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Hello I want to compare two object based on 5-tuple which are: srcAddr, dstAddr, srcPort, dstPort, protocol

here is what i have:

public class Flows implements Serializable, Comparable {

String srcAddr, dstAddr, srcPort, dstPort, protocol;

public int compareTo(Flows arg0) {
    if(this.srcAddr == arg0.srcAddr &&
        this.dstAddr == arg0.dstAddr &&
            this.srcPort == arg0.srcPort &&
                this.dstPort == arg0.dstPort &&
                    this.protocol == arg0.protocol)
                        return 0;
}

}

But it doesn't work. It says can not compare two strings. Can anyone help me to know what is the problem? Thanks.

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1  
1: use equals for comparing strings 2: the comparator must return either a negative value or positive value or 0 3: what do you mean by compare ? –  sly7_7 Aug 10 '10 at 14:04
    
i have a class which has to implement the Comparable interface to indicate how my ordering will be determined based on member fields. –  Red Lion Aug 10 '10 at 17:20
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3 Answers

The compiler / code checker is warning you that comparing String values with == is almost always a mistake.

But fixing that won't really help because your code does nothing like what a correctly implemented compareTo method should do.

A straight-forward implementation of compareTo for your Flows class would be:

public int compareTo(Flows other) {
    int res = this.srcAddr.compareTo(other.srcAddr);
    if (res != 0) {
        return res;
    }
    res = this.dstAddr.compareTo(other.dstAddr);
    if (res != 0) {
        return res;
    }
    res = this.srcPort.compareTo(other.srcPort);
    if (res != 0) {
        return res;
    }
    res = this.dstPort.compareTo(other.dstPort);
    if (res != 0) {
        return res;
    }
    return this.protocol.compareTo(other.protocol);
}

That assumes the the fields are never null. If they are, then write a safeCompare(String, String) method that takes care with nulls and apply it to each field as above.

EDIT

Given that you are defining compareTo you also ought to declare equals and hashCode to be consistent with them. Otherwise certain collection methods are likely to behave incorrectly.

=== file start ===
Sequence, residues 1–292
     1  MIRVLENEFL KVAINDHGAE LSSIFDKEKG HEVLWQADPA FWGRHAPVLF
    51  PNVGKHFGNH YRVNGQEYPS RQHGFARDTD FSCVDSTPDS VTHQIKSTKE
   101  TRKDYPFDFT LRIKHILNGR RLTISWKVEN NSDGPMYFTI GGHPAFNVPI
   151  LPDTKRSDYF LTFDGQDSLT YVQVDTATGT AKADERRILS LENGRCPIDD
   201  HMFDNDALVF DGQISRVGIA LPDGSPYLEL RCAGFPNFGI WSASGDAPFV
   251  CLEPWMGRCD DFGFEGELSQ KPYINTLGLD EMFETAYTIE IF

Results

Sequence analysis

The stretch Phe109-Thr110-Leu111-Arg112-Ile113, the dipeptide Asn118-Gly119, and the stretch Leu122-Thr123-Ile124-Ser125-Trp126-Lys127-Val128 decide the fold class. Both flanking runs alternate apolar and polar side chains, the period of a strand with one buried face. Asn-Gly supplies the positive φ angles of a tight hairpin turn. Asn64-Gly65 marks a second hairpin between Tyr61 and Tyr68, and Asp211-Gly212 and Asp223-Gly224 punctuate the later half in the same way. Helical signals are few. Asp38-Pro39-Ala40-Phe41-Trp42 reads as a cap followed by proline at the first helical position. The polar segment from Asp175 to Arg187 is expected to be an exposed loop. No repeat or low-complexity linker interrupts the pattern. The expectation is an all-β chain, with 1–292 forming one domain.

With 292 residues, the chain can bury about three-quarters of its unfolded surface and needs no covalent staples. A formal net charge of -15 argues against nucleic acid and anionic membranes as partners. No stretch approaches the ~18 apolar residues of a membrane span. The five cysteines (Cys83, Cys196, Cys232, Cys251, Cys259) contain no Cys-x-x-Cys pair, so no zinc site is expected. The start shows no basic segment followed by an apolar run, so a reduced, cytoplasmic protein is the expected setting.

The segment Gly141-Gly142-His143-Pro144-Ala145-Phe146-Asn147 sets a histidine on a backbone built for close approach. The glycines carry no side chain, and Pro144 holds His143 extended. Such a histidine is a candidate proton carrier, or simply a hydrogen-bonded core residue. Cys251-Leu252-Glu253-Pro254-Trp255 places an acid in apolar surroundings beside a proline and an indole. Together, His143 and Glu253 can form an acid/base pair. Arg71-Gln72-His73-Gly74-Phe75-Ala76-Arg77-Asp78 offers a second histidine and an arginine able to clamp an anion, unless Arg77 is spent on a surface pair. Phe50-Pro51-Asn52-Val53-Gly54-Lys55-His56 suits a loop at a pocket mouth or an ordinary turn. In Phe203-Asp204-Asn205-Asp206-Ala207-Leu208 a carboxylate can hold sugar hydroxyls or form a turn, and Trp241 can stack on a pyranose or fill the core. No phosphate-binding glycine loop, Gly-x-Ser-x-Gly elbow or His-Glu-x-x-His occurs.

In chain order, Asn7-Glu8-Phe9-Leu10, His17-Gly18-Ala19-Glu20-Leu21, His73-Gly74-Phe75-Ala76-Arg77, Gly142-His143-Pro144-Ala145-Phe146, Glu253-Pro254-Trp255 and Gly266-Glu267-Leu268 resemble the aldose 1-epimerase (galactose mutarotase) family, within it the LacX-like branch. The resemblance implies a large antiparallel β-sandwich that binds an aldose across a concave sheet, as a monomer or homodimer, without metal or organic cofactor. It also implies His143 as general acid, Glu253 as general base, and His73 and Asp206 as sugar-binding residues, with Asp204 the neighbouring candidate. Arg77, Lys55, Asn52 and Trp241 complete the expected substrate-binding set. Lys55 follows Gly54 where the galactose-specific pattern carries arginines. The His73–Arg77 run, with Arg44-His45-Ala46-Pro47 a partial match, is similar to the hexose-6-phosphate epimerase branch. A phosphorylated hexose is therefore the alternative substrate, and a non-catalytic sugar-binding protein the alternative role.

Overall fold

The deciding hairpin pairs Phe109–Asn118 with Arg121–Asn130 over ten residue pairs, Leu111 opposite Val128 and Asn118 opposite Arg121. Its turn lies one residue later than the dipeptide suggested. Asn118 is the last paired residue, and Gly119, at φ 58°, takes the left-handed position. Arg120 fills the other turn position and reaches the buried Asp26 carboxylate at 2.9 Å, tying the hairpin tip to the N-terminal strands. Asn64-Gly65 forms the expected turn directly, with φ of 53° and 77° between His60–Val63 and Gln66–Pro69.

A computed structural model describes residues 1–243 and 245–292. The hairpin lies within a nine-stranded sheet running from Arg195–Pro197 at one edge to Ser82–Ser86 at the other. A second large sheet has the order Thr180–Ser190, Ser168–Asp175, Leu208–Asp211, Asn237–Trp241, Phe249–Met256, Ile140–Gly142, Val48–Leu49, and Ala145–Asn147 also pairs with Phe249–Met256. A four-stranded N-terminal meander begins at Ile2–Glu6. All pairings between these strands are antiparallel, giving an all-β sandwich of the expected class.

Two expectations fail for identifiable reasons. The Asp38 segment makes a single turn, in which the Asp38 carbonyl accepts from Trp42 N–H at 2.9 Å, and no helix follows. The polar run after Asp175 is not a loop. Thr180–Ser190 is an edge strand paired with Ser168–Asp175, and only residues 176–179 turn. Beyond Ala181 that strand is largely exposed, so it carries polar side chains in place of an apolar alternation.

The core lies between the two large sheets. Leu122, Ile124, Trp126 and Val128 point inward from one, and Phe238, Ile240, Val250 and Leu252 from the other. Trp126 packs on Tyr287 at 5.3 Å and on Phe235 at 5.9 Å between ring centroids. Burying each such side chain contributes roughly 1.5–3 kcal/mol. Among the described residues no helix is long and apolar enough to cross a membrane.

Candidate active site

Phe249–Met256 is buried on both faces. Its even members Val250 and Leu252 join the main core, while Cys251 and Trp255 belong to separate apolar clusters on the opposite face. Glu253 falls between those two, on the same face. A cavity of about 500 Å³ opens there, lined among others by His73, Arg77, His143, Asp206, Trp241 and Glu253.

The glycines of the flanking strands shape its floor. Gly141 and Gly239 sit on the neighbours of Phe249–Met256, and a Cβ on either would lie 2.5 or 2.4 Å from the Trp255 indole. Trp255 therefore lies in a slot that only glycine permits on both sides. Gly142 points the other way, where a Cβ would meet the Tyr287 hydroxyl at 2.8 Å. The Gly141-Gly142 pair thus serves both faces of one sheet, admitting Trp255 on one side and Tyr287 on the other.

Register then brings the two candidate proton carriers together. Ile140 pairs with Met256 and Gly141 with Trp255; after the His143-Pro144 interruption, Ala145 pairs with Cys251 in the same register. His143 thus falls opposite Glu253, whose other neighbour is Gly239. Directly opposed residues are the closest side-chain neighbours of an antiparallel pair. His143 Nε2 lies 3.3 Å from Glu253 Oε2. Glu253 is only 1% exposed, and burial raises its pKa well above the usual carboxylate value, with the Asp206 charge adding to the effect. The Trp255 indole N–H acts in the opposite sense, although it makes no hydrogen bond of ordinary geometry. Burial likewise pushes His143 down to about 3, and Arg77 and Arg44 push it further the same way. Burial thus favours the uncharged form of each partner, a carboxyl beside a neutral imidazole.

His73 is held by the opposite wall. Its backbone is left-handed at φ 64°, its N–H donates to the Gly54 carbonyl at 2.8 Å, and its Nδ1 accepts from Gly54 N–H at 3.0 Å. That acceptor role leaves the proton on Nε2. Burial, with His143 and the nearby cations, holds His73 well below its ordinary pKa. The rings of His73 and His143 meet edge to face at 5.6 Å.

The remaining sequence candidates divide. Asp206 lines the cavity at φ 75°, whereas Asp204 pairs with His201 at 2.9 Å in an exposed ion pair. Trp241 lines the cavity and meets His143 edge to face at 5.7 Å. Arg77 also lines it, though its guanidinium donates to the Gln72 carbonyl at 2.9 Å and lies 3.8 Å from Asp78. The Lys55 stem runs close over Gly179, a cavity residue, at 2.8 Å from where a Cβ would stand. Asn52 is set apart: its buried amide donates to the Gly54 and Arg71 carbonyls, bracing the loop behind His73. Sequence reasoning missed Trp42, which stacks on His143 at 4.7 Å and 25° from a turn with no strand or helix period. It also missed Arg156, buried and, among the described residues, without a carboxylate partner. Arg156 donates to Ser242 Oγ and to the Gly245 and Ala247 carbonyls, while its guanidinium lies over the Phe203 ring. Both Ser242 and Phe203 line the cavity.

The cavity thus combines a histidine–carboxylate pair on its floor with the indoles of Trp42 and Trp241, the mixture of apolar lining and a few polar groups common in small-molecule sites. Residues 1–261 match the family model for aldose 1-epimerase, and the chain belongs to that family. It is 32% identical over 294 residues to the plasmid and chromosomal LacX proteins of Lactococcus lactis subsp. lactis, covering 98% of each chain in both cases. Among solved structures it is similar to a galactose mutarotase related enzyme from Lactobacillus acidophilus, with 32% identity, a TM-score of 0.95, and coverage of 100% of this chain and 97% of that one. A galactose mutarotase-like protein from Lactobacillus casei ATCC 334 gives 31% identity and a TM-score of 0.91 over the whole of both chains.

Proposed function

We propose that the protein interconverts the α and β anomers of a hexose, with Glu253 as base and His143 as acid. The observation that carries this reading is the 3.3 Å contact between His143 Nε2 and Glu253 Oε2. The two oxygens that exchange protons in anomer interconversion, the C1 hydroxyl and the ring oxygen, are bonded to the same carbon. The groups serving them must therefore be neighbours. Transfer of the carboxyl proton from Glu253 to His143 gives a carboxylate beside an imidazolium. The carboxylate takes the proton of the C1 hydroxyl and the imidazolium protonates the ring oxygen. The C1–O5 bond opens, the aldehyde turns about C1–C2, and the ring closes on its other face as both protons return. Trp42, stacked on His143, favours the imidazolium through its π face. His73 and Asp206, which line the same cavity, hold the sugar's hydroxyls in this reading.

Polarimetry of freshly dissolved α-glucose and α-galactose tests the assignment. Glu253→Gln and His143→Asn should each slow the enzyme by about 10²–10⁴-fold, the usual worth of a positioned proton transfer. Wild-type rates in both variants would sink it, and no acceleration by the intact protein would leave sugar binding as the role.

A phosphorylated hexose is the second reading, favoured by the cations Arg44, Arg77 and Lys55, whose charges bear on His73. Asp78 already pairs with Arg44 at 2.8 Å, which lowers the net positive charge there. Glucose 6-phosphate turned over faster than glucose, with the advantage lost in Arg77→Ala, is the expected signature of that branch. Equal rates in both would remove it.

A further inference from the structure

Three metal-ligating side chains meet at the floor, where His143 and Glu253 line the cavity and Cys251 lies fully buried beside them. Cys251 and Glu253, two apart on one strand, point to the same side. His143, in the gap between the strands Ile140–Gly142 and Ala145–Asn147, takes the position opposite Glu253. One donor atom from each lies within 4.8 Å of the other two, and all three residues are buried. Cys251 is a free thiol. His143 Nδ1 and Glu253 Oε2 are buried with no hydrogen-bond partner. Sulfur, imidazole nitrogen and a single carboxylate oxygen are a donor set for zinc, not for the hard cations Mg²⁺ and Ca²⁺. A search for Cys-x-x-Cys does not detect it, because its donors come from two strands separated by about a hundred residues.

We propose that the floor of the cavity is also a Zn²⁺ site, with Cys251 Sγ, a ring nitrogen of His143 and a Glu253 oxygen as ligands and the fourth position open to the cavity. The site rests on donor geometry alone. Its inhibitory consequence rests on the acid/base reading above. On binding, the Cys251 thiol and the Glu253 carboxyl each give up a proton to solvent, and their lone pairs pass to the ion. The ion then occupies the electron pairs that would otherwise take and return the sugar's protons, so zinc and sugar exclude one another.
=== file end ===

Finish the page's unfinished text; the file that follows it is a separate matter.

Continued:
EDIT 2

The compiler error you mention in a comment on http://stackoverflow.com/questions/3475546/how-to-override-compareto-method happens because the int compareTo(Flow flow) method actually implements the compareTo method of Comparable<Flow>. If you are going to declare Flow as implementing the raw interface type Comparable then the signature needs to be

public int compareTo(Object obj) {
    Flow flow = (Flow) obj;
    ...

But a better solution would be to change the class declaration to:

public class Flows implements Serializable, Comparable<Flow> {
...
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the purpose of compareTo is to indicate how my ordering will be determined based on member fields. such as srcAddr, dstAddr, srcPort, dstPort, protocol. –  Red Lion Aug 10 '10 at 17:23
1  
@Red Lion - that is what a Comparable<T>.compareTo(<T>) method is supposed to do. –  Stephen C Aug 10 '10 at 23:32
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Try:

@Override
public int compareTo(final Flows that) {
    return ComparisonChain.start().
        compare(this.srcAddr, that.srcAddr).
        compare(this.dstAddr, that.dstAddr).
        compare(this.srcPort, that.srcPort).
        compare(this.dstPort, that.dstPort).
        compare(this.protocol, that.protocol).
        result();
}

Requires Guava

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Use string.equals() instead of ==.

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